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Weapons of Mass Destruction (WMD)


Senate Republicans Block Iraq Resolution

06 February 2007

U.S. Senate Republicans have used a procedural vote to block a bipartisan, nonbinding resolution opposing President Bush's plan to send more troops to Iraq. It is a defeat for Senate critics of the war, who say they will continue efforts to send a strong bipartisan message to the president to change course in Iraq. VOA's Deborah Tate reports from Capitol Hill.

The Senate voted 49 to 47 to end debate on the resolution, far less than the majority needed to cut off debate and clear the way for a vote on the measure. The vote was largely along party lines in the Democratic-controlled chamber.

The resolution, sponsored by Senator John Warner of Virginia, the top Republican on the Armed Services Committee, expresses disagreement over President Bush's decision to send 21,500 additional combat troops to Iraq.

Majority Leader Harry Reid, a Nevada Democrat, said Republicans blocked the resolution from coming to a vote because they did not want to embarrass the president.

"What you just saw on the Senate floor was Republicans giving George Bush a green light to escalate the conflict in Iraq," said Harry Reid.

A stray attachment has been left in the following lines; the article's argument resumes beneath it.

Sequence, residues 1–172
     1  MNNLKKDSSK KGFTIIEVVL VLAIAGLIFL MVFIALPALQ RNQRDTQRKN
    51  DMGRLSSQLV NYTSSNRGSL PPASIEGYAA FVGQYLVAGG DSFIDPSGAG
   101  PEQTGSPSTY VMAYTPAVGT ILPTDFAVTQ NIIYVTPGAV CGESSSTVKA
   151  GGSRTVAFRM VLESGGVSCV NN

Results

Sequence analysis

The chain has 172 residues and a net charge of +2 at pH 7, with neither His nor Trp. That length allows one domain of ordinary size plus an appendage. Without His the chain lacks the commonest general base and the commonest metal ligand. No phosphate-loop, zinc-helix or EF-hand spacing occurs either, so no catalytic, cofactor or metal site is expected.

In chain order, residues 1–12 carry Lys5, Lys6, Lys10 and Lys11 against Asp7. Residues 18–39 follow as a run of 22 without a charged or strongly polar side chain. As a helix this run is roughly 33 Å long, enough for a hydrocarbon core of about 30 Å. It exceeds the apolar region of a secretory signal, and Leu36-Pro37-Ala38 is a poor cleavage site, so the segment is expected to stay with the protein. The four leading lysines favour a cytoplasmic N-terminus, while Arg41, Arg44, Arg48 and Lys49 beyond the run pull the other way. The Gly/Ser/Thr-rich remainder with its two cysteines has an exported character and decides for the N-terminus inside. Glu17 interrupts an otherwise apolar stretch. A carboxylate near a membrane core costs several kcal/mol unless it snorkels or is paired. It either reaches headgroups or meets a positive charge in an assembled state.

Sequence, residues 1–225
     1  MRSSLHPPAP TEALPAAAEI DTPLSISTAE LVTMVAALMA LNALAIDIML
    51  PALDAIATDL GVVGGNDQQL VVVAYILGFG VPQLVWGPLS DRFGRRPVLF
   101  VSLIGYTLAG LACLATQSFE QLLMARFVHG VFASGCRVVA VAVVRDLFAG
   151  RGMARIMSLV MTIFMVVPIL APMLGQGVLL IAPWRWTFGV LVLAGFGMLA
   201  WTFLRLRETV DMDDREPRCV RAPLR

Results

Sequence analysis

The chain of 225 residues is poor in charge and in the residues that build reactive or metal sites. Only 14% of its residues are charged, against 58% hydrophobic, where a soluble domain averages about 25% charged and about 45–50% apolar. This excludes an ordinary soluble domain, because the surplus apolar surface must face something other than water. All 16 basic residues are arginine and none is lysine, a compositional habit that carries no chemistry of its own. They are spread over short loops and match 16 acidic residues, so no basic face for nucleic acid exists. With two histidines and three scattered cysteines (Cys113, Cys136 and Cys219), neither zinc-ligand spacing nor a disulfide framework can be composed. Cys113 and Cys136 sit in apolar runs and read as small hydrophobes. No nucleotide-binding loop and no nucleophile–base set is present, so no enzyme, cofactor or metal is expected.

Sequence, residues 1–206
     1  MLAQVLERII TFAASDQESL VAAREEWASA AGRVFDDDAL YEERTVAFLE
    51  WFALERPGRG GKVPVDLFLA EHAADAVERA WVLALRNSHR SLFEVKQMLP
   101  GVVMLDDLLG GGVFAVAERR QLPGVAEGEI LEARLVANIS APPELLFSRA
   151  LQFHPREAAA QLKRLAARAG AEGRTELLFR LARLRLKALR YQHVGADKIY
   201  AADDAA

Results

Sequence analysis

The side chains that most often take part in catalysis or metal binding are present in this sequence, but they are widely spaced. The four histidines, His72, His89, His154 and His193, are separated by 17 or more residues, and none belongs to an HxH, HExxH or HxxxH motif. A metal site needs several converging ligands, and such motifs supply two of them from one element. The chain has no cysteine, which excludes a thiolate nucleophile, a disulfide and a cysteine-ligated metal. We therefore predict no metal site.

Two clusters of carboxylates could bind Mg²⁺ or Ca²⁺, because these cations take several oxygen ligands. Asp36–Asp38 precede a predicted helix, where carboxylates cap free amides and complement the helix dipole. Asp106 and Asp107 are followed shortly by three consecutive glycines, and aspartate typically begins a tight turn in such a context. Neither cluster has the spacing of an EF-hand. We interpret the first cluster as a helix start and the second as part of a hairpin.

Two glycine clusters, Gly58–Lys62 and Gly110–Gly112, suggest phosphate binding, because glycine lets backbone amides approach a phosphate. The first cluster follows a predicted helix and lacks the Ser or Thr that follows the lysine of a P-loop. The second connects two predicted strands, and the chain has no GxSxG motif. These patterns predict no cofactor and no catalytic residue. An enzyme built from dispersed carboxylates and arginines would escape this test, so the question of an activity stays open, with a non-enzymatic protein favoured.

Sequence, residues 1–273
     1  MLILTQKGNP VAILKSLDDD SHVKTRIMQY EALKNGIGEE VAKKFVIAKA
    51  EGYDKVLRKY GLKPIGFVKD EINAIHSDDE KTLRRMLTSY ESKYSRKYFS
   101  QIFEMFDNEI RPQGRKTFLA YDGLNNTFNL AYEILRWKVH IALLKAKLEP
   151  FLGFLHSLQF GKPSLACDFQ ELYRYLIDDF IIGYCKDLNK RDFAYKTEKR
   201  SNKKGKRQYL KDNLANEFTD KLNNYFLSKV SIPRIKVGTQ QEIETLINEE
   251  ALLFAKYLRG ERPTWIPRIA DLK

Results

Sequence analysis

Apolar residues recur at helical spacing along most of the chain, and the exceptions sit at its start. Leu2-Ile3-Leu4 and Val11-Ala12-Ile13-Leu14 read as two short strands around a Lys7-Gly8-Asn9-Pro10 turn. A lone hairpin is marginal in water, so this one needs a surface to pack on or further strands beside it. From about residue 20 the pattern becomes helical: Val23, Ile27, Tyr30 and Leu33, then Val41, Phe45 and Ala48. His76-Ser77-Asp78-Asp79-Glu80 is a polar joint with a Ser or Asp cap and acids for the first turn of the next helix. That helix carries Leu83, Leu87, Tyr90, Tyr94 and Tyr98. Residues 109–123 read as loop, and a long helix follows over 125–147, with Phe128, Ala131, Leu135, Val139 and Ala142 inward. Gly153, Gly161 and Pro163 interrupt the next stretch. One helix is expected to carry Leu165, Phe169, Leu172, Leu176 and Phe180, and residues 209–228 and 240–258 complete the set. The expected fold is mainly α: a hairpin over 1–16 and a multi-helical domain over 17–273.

But the Senate's top Republican, Senator Mitch McConnell of Kentucky, says he voted to block the resolution not because he wanted to avoid debating the measure, but because he wanted to protest the Democratic leadership's decision to bar two other Republican-sponsored Iraq resolutions from being considered.

"We are not afraid of the debate," said Mitch McConnell. "We are ready to have it. I'm anxious to go forward, but we are going to insist on fair treatment."

One of the resolutions McConnell wants the Senate to consider would underscore the president's commander-in-chief responsibilities under the Constitution. The other would express support for Mr. Bush's plan to increase troop levels in Iraq and set benchmarks for the Iraqi government to meet following the deployment.

But McConnell makes clear he opposes the Warner resolution on grounds it sends the wrong message - a point underscored by Senator Joe Lieberman of Connecticut, who calls himself an independent Democrat:

"It is an act which I fear will discourage our troops, hearten our enemies and showcase our disunity," said Lieberman.

In the end, Senator Warner voted to block his own resolution, agreeing with his Republican leadership that Democrats in control of the chamber should allow other Republican-backed resolutions to be considered. But he made it clear he remains opposed to the president's troop surge plan, saying the Iraqis should take more responsibility for fighting for their country.

"Let them take the brunt of the fight, and maybe we do not need 21,500, together with support, troops to go in and do the job that we have trained these people to do themselves," said John Warner.

Majority Leader Reid expressed disappointment that the resolution was blocked, saying he believed he had assurances from Senator McConnell last week that Republicans would allow the resolution to come to a vote. Reid vowed that the Senate would not abandon the debate over Iraq, and said fellow Democrats would meet Tuesday to discuss how to proceed in the coming days and weeks.

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